An award-winning Cambodian-American movie featuring a classic song by Sinn Sisamouth is bringing hope and reviving memories of the pre-Khmer Rouge era in Cambodia.
The movie, “In the Life of Music”, which features the Sisamouth classic “Champa Battambang”, screened in Virginia on Thursday to a crowded hall of several hundred viewers.
Vanny Nen, a Battambang-born Cambodian-American, said she cried when the song played during the movie. “The film makes me miss my hometown miserably, but it’s a good movie and I liked it.”
Like Nen, Mom Chuon, 60, brought her family along to see the movie.
“Both of my parents were killed during the Khmer Rouge regime,” she said, sobbing. The movie “made me miss my parents so much,” she added.
The movie, shot in Cambodia and produced by a group of Cambodian-American filmmakers in late 2015, uses Sisamouth’s song to connect experiences across generations by telling the story of a young couple who fell in love over a shared passion for music in the pre-Khmer Rouge period, widely considered the golden age of Cambodian music.
Caylee So, one of the directors and producers of the movie, said the song “has a big legacy” and would help to bring generations together as they watched the film.
“Almost all of Sinn Sisamouth's songs, they’re just lived on through the people who have listened to it growing up, and even people who passed it on through the love of his music to their children,” she said.
“And I know from the beginning that that was the song because it remains inside of me for so long and I know that my parents knew it and they have just a great love for that,” she added.
Prach Ly, another producer, said the film was not just about the Khmer Rouge.
“We explained the period even before the Khmer Rouge time. It's related to other things as well, so only those seeing it will understand what the film is about.”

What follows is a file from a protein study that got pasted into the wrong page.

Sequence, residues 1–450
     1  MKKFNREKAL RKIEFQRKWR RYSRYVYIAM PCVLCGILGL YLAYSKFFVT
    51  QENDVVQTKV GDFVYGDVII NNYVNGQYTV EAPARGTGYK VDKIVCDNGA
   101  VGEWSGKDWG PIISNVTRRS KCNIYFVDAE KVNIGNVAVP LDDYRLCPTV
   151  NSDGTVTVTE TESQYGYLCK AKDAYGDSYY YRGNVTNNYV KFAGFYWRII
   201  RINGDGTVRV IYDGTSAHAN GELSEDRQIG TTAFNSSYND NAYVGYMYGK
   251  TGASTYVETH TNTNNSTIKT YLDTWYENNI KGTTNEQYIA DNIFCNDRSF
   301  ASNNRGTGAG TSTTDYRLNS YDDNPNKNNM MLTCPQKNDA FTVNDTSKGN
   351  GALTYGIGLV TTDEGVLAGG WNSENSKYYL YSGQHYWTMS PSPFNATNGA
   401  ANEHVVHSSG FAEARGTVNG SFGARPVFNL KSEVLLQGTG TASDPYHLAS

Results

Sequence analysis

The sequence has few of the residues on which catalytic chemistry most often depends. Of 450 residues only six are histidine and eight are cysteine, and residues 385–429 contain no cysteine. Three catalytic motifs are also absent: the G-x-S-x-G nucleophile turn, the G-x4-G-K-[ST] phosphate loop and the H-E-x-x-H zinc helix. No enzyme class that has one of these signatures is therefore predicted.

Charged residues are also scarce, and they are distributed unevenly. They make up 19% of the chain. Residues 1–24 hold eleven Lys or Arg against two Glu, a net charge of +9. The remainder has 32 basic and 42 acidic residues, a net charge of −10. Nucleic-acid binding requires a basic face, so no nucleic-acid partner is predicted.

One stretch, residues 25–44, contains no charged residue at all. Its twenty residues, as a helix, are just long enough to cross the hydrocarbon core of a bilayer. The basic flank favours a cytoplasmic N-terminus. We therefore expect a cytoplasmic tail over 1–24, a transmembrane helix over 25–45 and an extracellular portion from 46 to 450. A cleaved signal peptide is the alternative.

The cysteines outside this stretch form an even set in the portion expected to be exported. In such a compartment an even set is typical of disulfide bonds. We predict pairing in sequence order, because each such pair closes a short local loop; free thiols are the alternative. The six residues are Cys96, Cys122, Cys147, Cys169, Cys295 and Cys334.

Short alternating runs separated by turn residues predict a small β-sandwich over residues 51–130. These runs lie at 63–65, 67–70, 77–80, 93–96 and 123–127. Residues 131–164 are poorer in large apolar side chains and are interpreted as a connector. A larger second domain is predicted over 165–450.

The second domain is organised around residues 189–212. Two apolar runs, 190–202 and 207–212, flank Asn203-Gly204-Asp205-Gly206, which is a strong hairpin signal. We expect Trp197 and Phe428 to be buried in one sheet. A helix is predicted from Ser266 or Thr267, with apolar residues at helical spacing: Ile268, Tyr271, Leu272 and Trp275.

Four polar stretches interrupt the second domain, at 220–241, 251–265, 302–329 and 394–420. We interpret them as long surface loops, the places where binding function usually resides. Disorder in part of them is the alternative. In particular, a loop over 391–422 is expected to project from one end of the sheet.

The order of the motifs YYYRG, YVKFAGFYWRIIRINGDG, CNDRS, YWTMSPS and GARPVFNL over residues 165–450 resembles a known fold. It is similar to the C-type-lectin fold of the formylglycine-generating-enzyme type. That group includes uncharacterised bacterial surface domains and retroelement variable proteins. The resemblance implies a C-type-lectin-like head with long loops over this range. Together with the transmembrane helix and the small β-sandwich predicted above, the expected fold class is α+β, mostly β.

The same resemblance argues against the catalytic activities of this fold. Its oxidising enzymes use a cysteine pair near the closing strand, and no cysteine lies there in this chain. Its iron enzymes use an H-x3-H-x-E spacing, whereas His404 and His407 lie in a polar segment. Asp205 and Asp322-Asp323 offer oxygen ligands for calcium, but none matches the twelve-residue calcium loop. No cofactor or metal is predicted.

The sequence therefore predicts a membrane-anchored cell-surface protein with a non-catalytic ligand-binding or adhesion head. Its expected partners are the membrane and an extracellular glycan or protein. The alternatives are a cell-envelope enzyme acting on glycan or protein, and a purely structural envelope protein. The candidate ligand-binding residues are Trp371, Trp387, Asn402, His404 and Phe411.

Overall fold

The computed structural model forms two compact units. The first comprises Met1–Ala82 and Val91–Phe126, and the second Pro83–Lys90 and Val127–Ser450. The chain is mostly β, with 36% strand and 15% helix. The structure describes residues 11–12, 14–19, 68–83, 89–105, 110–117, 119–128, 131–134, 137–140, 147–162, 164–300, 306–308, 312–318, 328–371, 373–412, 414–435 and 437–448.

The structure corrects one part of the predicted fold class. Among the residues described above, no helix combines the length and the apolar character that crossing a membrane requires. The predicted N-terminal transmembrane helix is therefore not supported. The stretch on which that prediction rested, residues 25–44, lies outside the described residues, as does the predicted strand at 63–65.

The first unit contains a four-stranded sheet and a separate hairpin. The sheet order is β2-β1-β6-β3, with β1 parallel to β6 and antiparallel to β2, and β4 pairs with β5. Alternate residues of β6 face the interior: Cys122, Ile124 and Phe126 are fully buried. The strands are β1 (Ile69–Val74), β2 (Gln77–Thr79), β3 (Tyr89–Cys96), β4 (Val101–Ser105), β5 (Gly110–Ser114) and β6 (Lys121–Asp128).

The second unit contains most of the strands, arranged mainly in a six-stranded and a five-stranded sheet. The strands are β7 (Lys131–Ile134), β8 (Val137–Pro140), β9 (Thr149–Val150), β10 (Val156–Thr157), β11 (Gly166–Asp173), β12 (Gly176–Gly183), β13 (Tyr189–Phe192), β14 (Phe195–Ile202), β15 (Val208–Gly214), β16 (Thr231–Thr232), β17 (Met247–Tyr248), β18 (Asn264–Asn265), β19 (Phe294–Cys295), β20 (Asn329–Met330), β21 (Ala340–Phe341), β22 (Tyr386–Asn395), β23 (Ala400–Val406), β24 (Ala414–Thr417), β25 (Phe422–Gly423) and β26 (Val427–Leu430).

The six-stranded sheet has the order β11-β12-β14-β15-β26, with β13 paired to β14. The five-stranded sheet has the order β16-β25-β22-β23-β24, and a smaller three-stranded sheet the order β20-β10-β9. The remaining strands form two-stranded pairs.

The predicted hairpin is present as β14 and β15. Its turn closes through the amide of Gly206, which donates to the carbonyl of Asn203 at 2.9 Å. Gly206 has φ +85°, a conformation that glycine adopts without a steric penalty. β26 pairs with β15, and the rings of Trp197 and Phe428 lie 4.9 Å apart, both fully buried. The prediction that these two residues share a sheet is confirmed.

The movie’s protagonist, Hope, is the daughter of the couple at the heart of the film, who seeks to reconnect with her roots by visiting Cambodia in 2007, decades after her parents fled the country for the United States.
Several of those in attendance at the screening said they were not aware of how modern Cambodians lived, so seeing contemporary Cambodia depicted in the film was “a bit strange”, according to Vanny Nen’s husband, So Nen.
“When I heard that a group of Cambodian-Americans were interested in Khmer history and wanted to make a movie for the public to know about Cambodia, I came to see it,” Sothy Heidt, the wife of the former U.S. ambassador to Cambodia, William Heidt, told VOA Khmer before the screening. “Especially, the film is not about something bad in Cambodia, but hope and they want to restore the national music that used to be so famous.”
“The song in the film, Champa Battambang, is my favorite,” said Heidt, who also sang the song in Khmer.
Channbunmorl Sou, 33, another audience member, said: “After watching the movie, I was so excited and determined to go live in Cambodia for some time so that I can know my parents' birthplace, which is in Takeo province's Kirivong [district], because I have never been to Cambodia before,” Channbunmorl said. “The film makes me proud of our Cambodian people.”
The movie has been screened across the United States since last year and will be shown at the Cambodian International Film Festival in March.